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Cultural Diversity, Breaking Barriers, & Racist Micro Aggressions
Cultural Diversity continuing education social worker CEUs

Section 18
The Results of Race-Based Policies

CEU Question 18 | CEU Answer Booklet | Table of Contents
Social Worker CEUs, Psychologist CEs, Counselor CEUs, MFT CEUs

In recent years, the use of race in college admissions has been vigorously contested in several states and in the race-based politics - Cultural Diversity CEUs courts. In 1996, a federal appeals court in New Orleans, deciding the Hopwood vs. Texas case, declared such a race-sensitive policy unconstitutional when its primary aim is not to remedy some specific wrong from the past. Californians have voted to ban all consideration of race in admitting students to public universities. Surprisingly, however, amid much passionate debate, there has been little hard evidence of how these policies work and what their consequences have been.

To remedy this deficiency, we examined the college and later-life experiences of more than 35,000 students—almost 3,000 of whom were black—who had entered 28 selective colleges and universities in the fall of 1976 and the fall of 1989. This massive database, built jointly by the schools and the Andrew W. Mellon Foundation, for the first time links information such as SAT scores and college majors to experiences after college, including graduate and professional degrees, earnings and civic involvement. Most of our study focused on African Americans and whites, because the Latino population at these schools was too small to permit the same sort of analysis. What did we discover?

Compared with their extremely high-achieving white classmates, black students in general received somewhat lower college grades and graduated at moderately lower rates. The reasons for these disparities are not fully understood, and selective institutions need to be more creative in helping improve black performance, as a few universities already have succeeded in doing. Still, 75 percent graduated within six years, a figure well above the 40 percent of blacks and 59 percent of whites who graduated nationwide from the 305 universities tracked by the National Collegiate Athletic Association. Moreover, blacks did not earn degrees from these selective schools by majoring in easy subjects. They chose substantially the same concentrations as whites and were just as likely to have difficult majors, such as those in the sciences.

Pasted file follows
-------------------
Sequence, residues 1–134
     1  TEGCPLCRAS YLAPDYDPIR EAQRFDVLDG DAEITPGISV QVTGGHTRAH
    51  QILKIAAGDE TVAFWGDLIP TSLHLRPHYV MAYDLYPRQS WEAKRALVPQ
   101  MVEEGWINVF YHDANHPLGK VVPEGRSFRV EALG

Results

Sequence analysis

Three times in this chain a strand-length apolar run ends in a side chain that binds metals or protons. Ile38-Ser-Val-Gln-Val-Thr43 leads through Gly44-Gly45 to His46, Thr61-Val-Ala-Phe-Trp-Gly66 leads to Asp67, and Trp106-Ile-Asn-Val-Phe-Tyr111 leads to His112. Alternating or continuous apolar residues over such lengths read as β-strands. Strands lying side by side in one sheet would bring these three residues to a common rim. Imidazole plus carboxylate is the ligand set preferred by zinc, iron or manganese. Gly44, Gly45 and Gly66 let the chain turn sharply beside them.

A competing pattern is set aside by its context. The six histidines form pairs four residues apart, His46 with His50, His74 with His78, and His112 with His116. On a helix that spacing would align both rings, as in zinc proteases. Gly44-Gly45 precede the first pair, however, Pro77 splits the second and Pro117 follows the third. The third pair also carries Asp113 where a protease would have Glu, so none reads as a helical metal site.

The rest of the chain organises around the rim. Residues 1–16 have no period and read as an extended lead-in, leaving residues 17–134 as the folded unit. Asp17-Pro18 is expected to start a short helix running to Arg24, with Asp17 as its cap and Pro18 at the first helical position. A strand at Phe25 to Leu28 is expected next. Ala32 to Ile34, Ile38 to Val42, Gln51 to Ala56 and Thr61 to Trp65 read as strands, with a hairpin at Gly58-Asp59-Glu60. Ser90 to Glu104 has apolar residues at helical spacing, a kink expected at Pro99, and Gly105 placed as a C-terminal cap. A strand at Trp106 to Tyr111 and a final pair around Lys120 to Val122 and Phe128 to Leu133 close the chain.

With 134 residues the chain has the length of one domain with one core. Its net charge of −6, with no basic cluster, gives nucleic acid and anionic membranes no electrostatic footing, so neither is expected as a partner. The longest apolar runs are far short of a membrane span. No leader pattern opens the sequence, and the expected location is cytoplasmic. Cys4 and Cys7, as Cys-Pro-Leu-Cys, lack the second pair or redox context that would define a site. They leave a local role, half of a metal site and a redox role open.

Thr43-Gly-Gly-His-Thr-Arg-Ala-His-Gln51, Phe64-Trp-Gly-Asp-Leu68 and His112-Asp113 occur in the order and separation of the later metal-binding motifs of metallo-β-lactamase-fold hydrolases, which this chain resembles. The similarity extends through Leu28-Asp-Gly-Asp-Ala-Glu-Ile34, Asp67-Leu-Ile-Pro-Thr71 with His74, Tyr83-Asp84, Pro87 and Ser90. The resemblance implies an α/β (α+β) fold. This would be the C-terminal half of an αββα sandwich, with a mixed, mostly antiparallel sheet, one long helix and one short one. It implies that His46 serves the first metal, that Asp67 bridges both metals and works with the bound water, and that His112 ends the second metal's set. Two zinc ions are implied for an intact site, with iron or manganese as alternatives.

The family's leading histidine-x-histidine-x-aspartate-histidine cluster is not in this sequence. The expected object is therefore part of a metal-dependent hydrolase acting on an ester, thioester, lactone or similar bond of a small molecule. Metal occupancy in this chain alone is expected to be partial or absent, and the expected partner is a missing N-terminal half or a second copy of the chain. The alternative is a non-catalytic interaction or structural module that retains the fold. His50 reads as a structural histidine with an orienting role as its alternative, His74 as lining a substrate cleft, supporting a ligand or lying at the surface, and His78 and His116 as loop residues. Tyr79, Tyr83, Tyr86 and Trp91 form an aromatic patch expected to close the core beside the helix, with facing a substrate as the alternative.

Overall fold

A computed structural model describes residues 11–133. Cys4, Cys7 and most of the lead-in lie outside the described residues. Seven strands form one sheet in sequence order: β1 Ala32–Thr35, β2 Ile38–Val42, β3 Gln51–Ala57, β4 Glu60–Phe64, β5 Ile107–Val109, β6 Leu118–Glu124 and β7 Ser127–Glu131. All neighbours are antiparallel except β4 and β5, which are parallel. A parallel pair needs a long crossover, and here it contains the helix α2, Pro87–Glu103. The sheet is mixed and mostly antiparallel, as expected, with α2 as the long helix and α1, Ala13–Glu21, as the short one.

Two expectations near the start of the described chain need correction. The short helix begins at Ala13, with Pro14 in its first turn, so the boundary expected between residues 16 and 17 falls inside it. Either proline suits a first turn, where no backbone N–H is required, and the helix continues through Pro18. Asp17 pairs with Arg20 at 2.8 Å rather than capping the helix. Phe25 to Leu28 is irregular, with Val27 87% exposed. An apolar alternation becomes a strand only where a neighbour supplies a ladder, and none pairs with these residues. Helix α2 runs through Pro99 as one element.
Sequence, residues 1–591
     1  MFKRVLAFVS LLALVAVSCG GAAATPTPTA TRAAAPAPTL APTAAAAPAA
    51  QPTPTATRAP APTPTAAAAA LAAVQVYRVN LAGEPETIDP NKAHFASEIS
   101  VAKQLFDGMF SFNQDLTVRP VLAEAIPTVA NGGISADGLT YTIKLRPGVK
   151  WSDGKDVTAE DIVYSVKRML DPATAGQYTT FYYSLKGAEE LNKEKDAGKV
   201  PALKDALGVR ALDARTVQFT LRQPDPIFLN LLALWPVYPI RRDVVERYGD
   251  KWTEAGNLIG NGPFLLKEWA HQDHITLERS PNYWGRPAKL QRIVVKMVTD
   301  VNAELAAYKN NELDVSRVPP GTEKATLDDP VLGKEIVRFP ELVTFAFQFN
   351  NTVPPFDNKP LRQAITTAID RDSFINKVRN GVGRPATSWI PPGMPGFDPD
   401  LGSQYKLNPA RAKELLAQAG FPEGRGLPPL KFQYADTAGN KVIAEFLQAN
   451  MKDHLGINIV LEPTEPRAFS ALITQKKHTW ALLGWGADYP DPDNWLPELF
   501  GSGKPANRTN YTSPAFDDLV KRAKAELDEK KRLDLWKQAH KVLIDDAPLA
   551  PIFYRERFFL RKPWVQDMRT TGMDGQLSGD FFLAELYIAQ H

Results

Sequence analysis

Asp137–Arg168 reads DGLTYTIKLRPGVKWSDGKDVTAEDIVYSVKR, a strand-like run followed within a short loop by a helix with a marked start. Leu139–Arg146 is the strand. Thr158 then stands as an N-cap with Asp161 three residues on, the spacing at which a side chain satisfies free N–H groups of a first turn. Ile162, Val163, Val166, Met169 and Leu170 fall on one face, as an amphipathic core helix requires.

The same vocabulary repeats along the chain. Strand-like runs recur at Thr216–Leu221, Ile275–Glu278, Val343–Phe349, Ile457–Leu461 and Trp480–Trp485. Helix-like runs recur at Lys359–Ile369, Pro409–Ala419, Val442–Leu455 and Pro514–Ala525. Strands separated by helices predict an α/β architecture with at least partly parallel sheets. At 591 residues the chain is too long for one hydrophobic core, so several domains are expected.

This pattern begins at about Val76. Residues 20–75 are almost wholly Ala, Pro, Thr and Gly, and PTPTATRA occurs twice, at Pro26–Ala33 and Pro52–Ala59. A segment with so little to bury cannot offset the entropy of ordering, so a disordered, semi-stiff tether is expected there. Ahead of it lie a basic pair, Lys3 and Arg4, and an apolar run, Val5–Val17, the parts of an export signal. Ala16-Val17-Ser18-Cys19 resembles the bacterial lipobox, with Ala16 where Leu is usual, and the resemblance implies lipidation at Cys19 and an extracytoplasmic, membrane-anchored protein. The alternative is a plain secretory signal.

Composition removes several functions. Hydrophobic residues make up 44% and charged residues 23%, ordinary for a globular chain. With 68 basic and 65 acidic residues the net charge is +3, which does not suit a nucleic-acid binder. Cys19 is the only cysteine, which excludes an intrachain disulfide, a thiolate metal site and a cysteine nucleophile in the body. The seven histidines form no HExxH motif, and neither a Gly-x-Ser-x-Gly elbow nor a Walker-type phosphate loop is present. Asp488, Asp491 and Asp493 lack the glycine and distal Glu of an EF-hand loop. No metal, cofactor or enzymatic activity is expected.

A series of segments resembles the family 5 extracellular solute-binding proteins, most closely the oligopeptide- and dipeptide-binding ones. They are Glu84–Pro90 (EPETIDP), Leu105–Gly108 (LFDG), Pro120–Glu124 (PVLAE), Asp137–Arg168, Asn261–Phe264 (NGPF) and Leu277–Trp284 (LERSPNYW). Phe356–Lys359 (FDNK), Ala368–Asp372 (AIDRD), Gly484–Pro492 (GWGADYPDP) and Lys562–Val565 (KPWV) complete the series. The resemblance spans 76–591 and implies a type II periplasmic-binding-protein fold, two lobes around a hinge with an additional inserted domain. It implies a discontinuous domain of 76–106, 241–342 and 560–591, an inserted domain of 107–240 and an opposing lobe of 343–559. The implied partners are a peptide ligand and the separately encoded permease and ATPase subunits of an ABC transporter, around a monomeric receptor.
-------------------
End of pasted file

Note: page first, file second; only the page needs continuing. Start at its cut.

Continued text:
- Bowen, William G. and Bok, Derek. Race Relations: Opposing Viewpoints. Greenhaven Press, Inc. San Diego, CA, 2001.
The article above contains foundational information. Articles below contain optional updates.

Personal Reflection Exercise #4
The preceding section contained information about the results of race-based policies. Write three case study examples regarding how you might use the content of this section in your practice.

Online Continuing Education QUESTION 18
What did their study discover about the performances of African-American college students as compared to their white classmates? Record the letter of the correct answer the CEU Answer Booklet.

 
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The article above contains foundational information. Articles below contain optional updates.
British Columbia's Curriculum: A Glimpse of the Future? - Top Performers - Education Week - January 01, 1970
Marc Tucker speaks with the leader of British Columbia's recent curriculum reforms that were co-created with teachers across the province.
California Aims to Make (Even) More Students Multilingual - Curriculum Matters - Education Week - January 01, 1970
The Golden State plans to triple the number of students who are proficient in a language other than English over the next 12 years.
Q&A Collections: Race & Gender Challenges - Classroom Q&A With Larry Ferlazzo - Education Week Teacher - January 01, 1970
All posts from the past seven years on race & gender challenges - in one place!
Justice Kennedy Retiring From High Court, Had Deep Imprint in Education Arena - Education Week - January 01, 1970
A highly influential moderate-conservative at the center of the U.S. Supreme Court for three decades, Justice Anthony M. Kennedy wrote major opinions on race, religion, and other areas of public education.
Straight Up Conversation: New Harvard Ed School Dean Bridget Terry Long - Rick Hess Straight Up - Education Week - January 01, 1970
Today, I chat with Bridget Terry Long, who was recently named dean of Harvard's Graduate School of Education, about the strengths and opportunities of HGSE, and what she hopes to accomplish in the role.

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